First Look: Google Social Search

By , PC World |  Internet, Google, google social search

Google is pouring personalized social data into search results with its new Google Social Search, launching in experimental mode today. Google Social Search, announced at last week's Web 2.0 Summit, adds content from your friends right into your Google searches.

Unlike Microsoft's Bing-based Twitter search, Google's Social Search uses your own lists of contacts from various services to build up a network, then features content specifically from the people whom you know. And, while it does include Twitter, it also includes FriendFeed, shared Google Reader stories, and other social content from around the Web.

Getting to Google Social Search

Google Social Search is currently considered part of Google Labs, so it's not enabled by default. To try it out, just visit Google's Experimental Labs page and click the button to "join the experiment."

(Note: Google Social Search is launching on Monday, so it may or may not be available to all users immediately. If you don't see the option on that page, try back again in a few hours.)

Once you've joined, you'll immediately start seeing social information at the bottom of your search result pages. You can also click on the "Show Options" text at the top left of the page -- or click on the "Results from people in your social circle" link at the bottom of the page -- to filter the results and see only the social information.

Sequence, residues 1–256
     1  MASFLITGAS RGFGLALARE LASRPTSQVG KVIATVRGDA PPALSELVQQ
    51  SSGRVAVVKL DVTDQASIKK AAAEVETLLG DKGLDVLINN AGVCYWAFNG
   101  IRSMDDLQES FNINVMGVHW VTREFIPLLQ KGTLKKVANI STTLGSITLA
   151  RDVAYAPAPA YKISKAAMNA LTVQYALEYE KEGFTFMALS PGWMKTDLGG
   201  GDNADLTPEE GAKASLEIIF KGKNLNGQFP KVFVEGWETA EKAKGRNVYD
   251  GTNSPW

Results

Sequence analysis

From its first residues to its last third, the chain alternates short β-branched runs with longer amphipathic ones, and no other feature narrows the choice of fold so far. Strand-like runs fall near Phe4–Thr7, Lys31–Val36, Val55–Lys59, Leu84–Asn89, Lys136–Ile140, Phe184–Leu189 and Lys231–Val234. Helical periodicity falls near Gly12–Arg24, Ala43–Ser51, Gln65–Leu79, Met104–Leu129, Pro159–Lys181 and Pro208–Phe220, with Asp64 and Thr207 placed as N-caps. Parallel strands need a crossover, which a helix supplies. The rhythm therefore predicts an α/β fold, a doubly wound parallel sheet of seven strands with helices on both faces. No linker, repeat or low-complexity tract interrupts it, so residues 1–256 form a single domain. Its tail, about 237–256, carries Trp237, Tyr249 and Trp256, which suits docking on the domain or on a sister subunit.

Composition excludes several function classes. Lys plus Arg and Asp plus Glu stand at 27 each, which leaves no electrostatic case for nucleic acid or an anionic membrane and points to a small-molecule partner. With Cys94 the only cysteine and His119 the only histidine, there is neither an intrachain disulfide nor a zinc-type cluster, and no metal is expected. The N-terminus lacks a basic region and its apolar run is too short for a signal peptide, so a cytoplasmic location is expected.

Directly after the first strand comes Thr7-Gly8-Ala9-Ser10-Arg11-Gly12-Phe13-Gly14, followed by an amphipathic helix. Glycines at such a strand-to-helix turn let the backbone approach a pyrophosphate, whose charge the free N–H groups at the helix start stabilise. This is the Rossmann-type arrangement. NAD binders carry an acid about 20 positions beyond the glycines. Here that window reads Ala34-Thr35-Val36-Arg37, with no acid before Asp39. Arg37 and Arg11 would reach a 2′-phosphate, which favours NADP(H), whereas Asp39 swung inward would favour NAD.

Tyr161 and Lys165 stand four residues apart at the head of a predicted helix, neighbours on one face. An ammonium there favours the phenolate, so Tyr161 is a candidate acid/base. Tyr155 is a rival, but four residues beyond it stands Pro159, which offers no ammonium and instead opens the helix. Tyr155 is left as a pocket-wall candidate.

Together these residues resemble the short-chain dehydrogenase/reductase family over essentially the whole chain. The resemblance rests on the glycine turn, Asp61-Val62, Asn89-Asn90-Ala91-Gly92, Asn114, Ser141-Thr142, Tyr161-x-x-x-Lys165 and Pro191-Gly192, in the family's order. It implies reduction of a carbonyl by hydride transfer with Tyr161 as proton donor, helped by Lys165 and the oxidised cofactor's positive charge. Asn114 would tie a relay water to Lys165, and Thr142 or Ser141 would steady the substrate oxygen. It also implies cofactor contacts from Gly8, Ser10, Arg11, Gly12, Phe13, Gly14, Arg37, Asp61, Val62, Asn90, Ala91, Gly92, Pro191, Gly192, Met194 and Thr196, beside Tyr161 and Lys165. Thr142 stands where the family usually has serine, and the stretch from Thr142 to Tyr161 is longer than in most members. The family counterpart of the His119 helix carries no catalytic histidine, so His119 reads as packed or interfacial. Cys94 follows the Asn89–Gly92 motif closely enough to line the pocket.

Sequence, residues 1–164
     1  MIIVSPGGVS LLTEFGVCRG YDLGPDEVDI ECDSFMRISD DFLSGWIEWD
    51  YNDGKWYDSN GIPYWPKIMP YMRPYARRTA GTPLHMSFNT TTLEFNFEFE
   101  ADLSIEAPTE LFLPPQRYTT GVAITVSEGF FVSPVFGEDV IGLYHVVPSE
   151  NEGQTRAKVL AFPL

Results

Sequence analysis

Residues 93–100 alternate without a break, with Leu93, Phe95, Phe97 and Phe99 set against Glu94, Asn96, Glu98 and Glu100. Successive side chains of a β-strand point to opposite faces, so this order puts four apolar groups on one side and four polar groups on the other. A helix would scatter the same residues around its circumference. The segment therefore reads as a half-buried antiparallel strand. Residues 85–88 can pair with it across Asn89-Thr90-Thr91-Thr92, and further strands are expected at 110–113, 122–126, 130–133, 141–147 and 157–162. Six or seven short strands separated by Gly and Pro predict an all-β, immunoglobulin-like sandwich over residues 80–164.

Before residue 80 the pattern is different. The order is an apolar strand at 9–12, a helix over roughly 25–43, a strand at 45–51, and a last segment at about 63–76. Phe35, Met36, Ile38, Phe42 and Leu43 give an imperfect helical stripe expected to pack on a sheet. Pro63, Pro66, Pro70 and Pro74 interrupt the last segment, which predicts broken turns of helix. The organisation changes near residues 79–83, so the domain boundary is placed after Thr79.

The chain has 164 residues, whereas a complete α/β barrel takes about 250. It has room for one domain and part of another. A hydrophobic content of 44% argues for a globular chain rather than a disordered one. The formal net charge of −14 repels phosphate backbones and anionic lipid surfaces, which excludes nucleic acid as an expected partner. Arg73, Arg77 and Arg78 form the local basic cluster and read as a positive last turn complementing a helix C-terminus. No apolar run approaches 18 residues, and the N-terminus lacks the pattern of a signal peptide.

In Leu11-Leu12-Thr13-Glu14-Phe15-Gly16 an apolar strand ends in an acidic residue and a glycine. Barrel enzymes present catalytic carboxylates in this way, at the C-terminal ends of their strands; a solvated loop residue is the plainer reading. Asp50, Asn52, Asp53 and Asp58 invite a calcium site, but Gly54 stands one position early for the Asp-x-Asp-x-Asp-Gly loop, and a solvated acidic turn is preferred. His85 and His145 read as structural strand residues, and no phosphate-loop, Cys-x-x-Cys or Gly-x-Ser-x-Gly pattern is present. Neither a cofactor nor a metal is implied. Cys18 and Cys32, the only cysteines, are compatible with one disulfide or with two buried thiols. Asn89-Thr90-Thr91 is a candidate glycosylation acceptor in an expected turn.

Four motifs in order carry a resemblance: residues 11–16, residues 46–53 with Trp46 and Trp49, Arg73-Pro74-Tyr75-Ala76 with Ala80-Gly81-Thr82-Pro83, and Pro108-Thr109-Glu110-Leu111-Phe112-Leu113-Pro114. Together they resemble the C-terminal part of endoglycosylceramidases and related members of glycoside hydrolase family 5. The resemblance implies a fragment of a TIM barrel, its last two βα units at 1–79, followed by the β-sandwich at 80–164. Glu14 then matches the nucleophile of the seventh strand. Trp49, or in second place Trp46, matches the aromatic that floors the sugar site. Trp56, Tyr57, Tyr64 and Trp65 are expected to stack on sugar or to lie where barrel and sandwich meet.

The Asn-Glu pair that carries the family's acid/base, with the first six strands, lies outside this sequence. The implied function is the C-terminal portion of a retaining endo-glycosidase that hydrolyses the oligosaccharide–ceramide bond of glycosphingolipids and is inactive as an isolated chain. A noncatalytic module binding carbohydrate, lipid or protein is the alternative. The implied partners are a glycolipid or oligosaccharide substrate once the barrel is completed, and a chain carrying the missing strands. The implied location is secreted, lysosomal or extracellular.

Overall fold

Using Google Social Search

To test the Social Search system, I tried searching for the term "Apple." Google's first social result was a satirical story -- "Apple Sues God, Says Fruit Too Similar to Logo" -- pulled from my Google Reader RSS subscriptions.

Below that were links to blogs a couple of my colleagues had posted regarding Apple; Google cross-referenced them from e-mail addresses in my Gmail contacts list and uncovered their stories. There was even an Apple-related tweet sent by one of my Twitter friends -- PC World's Robert Strohmeyer -- grouped together with an Apple tip he had posted on his personal site and an option to see more of his related content.

Understanding Google Social Search

Join us:
Facebook

Twitter

Pinterest

Tumblr

LinkedIn

Google+

Spotlight on ...
Online Training

    Upgrade your skills and earn higher pay

    Readers to share their best tips for maximizing training dollars and getting the most out self-directed learning. Here’s what they said.

     

    Learn more

Answers - Powered by ITworld

ITworld Answers helps you solve problems and share expertise. Ask a question or take a crack at answering the new questions below.

Join us:
Facebook

Twitter

Pinterest

Tumblr

LinkedIn

Google+

Ask a Question